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BLOG: Don’t cash in your Lifetime ISA even though penalties have been slashed

Written by: Steve Code
Struggling savers will temporarily incur a lower penalty charge for dipping into their Lifetime ISAs early but that doesn't mean people should raid their accounts, writes Steve Code.
BLOG: Don’t cash in your Lifetime ISA even though penalties have been slashed

Launched in April 2017, the Lifetime ISA (LISA) heralded a new way for those aged 18-39 to start saving for the deposit for their first home.

Coupled with the added 25% government bonus and up to an additional 1.5% interest rate (depending on your provider), the Lifetime ISA has proven very popular for those wishing to purchase a first home.

Given the current Covid-19 situation we find ourselves in, questions are now being asked as to whether the LISA is still going to provide the security and return it initially promised, especially around the low interest rates and fluctuations in the stocks and shares market that we are presently witnessing.

The concern for many is simple: given that lots of people will have been furloughed or in the worst scenario, made redundant, the worry is that LISA holders will have no other option other than to ‘cash in’ their LISA and withdraw the funds.

What about the penalty if I do need to withdraw my funds?

The 25% bonus on all savings from the government is a significant contribution to your savings pot, though as you will know, it does not come without its caveats.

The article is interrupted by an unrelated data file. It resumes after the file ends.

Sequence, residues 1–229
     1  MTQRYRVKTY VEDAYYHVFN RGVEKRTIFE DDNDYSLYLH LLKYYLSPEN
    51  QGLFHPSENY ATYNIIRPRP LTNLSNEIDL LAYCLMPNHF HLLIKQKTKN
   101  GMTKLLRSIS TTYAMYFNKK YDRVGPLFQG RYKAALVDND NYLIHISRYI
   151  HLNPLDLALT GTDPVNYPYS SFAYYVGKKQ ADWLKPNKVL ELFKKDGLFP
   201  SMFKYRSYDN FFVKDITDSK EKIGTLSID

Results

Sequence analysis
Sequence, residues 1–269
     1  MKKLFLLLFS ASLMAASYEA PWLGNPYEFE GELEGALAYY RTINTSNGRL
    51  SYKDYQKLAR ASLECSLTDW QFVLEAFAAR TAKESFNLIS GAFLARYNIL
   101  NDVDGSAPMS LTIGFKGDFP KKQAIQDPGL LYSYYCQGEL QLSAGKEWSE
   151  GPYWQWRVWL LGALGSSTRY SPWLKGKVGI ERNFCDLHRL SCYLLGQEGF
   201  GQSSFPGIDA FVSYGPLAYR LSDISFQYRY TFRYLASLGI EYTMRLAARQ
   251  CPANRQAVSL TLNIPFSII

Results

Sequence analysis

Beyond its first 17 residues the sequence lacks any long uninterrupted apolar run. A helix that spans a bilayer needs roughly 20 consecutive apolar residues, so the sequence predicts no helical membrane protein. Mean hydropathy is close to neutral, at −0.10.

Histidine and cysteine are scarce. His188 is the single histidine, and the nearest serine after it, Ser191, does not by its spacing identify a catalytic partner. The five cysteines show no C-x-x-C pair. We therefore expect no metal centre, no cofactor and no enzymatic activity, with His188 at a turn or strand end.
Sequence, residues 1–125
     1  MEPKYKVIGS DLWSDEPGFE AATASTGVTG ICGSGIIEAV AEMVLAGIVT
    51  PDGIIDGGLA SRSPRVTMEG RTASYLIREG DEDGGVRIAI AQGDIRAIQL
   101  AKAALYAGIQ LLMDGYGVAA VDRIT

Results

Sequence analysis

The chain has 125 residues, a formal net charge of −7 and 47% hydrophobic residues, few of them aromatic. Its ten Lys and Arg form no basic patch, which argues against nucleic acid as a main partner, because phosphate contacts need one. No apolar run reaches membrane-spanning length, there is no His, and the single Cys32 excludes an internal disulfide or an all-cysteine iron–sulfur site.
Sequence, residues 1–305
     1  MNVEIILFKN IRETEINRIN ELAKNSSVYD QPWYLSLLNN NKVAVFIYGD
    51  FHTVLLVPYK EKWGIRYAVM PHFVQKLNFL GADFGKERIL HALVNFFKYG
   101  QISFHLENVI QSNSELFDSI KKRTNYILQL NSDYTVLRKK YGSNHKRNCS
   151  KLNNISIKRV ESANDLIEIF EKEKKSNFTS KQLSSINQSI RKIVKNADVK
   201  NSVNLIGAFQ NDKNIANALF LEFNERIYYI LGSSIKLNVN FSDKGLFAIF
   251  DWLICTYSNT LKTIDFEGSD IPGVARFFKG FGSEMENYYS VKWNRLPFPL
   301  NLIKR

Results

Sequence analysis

Many reading this will be aware that the government has reduced the early withdrawal penalty from 25% to 20%.

While this may be considered a small ‘plus’ for those needing to withdraw their funds to tide them over through this admittedly difficult time, you should remember that 20% is still a significant penalty to incur.

As an example, should you have already saved £5,000 into your LISA, by withdrawing your funds early, you will still lose £1,000 from the total value of your account, which will go directly back to HMRC. My thinking is that even a 20% penalty imposed by HMRC, is still a hefty loss to be dealt – and therefore, perhaps cutting costs and expenditure elsewhere in your budget may be the way to go, depending on your personal circumstances.

Interestingly, and I can’t speak on behalf of other LISA providers, the impression that I have got from speaking with some of our LISA holders is that they actually like the savings element and that their investment is effectively ‘locked-in’ right up to the point that they are wanting to purchase their first home – in this way, it discourages people from touching their investment or being tempted to ‘dip into’ their pot, should the need arise.

My suggestion is that those with a LISA maintain their policy and ‘weather the storm’, or at the most, simply defer or reduce their monthly direct debit payments until such time as they are able to start saving more again.

Like me, many can see that there will become a point when we return to more of a sense of everyday life and normality, at which point, they will really see the true value of having a LISA.

From speaking with some of our LISA holders, it seems to me that they still hold value and trust in their policy, and even those that are experiencing tough times as a result of the ongoing crisis, can see the benefit in maintaining a longer-term savings plan for the future.

On a final note, I would recommend that before taking any major decisions about your LISA, take the time to get independent guidance or advice. Remember, you may need to pay for a financial adviser’s help, so make sure you ask them about their fees first.

Steve Code is director at Unity Mutual 

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